My eyes hurt the moment I get out the pool, so I rub them thinking it’s the usual chlorine sting.
When I get home, my wife takes one look at me and says: what have you done? I say nothing. I’ve done nothing. But she replies: well you must have done something, have you seen your eyes?
I go and look at them in a mirror, and they’re red and bloodshot and feel like someone is pricking them with pin after pin.
My wife comes into the bathroom just as I rub them again. She says: don’t do that. You’ll only make it worse. I drop my hands and say, I know, I know, but not rubbing them doesn’t make them feel any better either. I go to rub them again, but she pulls my hands away from my face. I ask her what she’s doing, and she says just what I do when she picks at her eczema.
I walk past her and out of the bathroom, but she follows, saying, you didn’t wear goggles again, did you? How many times have I told you to put them on? I head to our bedroom, her still following, and tell her I lost them. She asks if it’s that hard to buy some new ones, and I say, no, but I forgot. That’s all. I lie down on the bed and tell her I just need to close my eyes for a bit. I need a nap anyway. When I wake up, I’m sure I’ll feel better.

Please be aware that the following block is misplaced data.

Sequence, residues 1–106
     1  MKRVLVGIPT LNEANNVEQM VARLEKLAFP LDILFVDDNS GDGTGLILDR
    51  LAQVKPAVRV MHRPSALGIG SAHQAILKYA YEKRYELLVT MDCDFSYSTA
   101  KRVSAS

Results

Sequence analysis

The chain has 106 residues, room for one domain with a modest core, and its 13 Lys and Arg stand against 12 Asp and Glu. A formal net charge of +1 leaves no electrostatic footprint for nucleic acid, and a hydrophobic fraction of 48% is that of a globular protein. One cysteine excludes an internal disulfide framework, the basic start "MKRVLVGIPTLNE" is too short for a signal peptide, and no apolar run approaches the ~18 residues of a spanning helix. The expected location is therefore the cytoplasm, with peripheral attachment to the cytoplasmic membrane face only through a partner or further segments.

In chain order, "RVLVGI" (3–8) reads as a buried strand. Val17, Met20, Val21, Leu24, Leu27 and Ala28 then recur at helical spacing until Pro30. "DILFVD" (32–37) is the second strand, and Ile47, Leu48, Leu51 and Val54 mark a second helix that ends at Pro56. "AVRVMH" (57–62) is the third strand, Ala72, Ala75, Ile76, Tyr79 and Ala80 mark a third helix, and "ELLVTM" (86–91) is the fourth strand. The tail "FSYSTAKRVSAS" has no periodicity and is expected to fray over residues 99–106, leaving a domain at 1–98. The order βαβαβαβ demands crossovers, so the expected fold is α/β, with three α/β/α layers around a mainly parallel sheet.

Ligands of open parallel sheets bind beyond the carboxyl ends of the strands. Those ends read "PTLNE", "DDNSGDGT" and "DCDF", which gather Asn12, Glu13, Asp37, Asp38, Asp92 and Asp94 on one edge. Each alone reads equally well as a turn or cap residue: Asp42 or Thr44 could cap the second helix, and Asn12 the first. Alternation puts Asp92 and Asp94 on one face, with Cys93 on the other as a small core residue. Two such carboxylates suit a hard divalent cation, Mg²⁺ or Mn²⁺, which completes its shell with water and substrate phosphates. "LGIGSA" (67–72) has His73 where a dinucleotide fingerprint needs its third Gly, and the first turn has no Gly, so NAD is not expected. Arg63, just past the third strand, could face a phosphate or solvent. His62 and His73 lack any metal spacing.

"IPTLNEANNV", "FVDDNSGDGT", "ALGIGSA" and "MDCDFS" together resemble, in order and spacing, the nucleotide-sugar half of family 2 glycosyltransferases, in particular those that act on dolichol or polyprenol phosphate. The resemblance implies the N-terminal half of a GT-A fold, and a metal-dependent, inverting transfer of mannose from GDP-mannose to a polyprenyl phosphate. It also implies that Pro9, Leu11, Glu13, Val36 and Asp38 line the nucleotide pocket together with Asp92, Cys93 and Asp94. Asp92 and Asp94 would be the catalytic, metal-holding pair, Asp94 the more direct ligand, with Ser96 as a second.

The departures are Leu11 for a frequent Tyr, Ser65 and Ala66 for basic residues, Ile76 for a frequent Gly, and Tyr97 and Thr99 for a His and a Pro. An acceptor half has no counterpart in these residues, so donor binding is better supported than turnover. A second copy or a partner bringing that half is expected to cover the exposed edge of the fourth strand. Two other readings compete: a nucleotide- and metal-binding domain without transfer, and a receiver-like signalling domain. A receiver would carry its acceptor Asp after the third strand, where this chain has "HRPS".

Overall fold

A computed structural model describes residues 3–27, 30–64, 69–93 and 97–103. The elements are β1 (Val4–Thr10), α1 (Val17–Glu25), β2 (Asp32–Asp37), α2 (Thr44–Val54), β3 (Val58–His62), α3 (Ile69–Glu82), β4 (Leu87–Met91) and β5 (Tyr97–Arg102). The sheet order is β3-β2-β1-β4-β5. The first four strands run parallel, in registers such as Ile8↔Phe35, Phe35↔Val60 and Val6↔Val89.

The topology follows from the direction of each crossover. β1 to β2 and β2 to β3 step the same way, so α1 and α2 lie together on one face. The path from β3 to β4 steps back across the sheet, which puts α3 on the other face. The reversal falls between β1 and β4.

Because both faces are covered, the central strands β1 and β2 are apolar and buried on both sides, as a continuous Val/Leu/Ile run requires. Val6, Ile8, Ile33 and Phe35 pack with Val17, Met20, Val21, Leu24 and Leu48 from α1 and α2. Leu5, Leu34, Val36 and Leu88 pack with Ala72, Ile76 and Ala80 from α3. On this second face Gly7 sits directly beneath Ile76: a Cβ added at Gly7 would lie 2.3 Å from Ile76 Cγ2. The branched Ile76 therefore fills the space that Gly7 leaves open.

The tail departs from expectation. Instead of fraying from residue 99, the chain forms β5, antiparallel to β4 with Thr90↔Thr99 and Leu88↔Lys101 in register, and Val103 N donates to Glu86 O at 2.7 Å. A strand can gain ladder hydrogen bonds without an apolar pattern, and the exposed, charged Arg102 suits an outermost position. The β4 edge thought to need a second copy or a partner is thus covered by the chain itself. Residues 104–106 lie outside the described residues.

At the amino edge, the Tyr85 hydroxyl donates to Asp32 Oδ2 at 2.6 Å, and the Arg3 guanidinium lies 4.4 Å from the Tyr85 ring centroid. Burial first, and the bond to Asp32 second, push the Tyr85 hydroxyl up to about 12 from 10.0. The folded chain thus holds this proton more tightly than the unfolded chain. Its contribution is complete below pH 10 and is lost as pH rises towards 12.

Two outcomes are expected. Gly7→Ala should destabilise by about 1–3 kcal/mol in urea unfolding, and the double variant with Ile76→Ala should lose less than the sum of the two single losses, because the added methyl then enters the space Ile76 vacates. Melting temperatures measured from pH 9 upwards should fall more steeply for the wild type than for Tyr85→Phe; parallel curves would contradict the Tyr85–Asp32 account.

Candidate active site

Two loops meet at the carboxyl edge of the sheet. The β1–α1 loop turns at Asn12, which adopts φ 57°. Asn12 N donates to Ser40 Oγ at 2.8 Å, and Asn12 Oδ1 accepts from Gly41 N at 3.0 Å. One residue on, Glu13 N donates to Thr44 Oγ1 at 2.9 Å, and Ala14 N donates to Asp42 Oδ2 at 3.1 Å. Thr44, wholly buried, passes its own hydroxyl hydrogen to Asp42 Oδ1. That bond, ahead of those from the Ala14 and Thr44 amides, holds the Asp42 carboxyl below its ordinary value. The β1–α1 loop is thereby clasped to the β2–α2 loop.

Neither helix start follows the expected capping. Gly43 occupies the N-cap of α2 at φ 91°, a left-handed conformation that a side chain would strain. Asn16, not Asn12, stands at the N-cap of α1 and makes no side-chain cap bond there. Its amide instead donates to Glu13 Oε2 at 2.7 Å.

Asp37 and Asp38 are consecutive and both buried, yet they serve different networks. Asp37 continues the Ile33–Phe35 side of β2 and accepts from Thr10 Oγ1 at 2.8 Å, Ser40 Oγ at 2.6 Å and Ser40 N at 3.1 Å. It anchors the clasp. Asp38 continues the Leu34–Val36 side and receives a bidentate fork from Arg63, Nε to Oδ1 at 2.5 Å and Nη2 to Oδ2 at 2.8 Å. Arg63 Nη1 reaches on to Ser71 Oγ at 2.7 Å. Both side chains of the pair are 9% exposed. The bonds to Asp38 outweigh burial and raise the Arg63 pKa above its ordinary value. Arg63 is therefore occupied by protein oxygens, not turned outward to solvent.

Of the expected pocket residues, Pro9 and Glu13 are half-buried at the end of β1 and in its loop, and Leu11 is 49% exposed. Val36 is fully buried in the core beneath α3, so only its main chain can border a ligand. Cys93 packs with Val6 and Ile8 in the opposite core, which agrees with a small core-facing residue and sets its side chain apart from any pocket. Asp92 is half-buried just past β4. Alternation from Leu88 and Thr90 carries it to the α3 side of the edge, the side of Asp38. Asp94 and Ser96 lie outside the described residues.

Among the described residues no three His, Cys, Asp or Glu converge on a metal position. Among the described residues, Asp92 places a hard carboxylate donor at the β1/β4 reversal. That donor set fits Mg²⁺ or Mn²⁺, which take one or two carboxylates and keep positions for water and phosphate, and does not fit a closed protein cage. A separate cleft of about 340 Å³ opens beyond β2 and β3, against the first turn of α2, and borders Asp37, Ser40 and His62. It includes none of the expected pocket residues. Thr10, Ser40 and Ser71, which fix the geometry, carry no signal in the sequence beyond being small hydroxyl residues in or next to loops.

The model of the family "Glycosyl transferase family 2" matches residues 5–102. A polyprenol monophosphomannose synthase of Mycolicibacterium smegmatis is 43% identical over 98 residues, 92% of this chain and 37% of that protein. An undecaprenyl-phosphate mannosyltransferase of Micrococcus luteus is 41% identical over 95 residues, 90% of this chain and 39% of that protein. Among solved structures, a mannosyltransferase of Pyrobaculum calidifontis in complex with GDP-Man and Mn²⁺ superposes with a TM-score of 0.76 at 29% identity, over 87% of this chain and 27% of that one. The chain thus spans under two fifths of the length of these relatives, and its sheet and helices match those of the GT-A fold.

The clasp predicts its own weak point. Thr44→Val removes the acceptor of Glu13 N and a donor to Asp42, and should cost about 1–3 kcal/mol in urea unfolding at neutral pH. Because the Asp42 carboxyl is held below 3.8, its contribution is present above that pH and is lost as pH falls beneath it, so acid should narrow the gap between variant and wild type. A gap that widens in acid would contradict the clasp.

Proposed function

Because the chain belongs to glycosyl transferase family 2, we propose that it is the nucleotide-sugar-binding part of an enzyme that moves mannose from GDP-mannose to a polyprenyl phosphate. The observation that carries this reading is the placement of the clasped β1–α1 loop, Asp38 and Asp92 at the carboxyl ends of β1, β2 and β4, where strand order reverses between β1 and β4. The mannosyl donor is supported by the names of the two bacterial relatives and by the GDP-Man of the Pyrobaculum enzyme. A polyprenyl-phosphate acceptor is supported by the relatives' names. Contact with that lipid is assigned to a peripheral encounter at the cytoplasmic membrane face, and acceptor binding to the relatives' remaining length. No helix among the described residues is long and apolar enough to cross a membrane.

The pins now feel like knives. Only when I close them does the pain stop.
My wife comes into the room and asks how I’m feeling. I pretend to be asleep, and eventually she goes away. I reach over to my bedside table, take my Ipod off the top, and put my headphones on. I hope the music will relax me, and for a while I drift in and out of sleep.
After what feels like ages, I feel my wife sitting on the bed beside me. She’s shaking my shoulder gently, saying my name, wake up, wake up. One of my headphones has fallen out, and I hear her clearly.
I say, what? And she says, come on, you’ve got to get up now. We’ve got dinner with Jenny and Phil, remember? I say, right, sure, I forgot, and sit up. I can’t open my eyes. I try but even a little slip of light makes them hurt.
My wife tells me we need to go to hospital. We’ll cancel dinner. They’ll understand. I say, okay, but what about Jenny? She’s been planning it for ages. We never see them anymore.
My wife rests her hand on my thigh and says, you won’t be seeing anyone at this rate.
At the hospital they wash both my eyes, ask which swimming pool I’d been to, and tell me to invest in some goggles. The doctor tells me to go home, rest, and keep my eyes shut.
On the way home we stop at a mall and get some goggles. When we get back in the car, my wife leans down to scratch at the eczema on her knees. She looks at me. I don’t say a thing.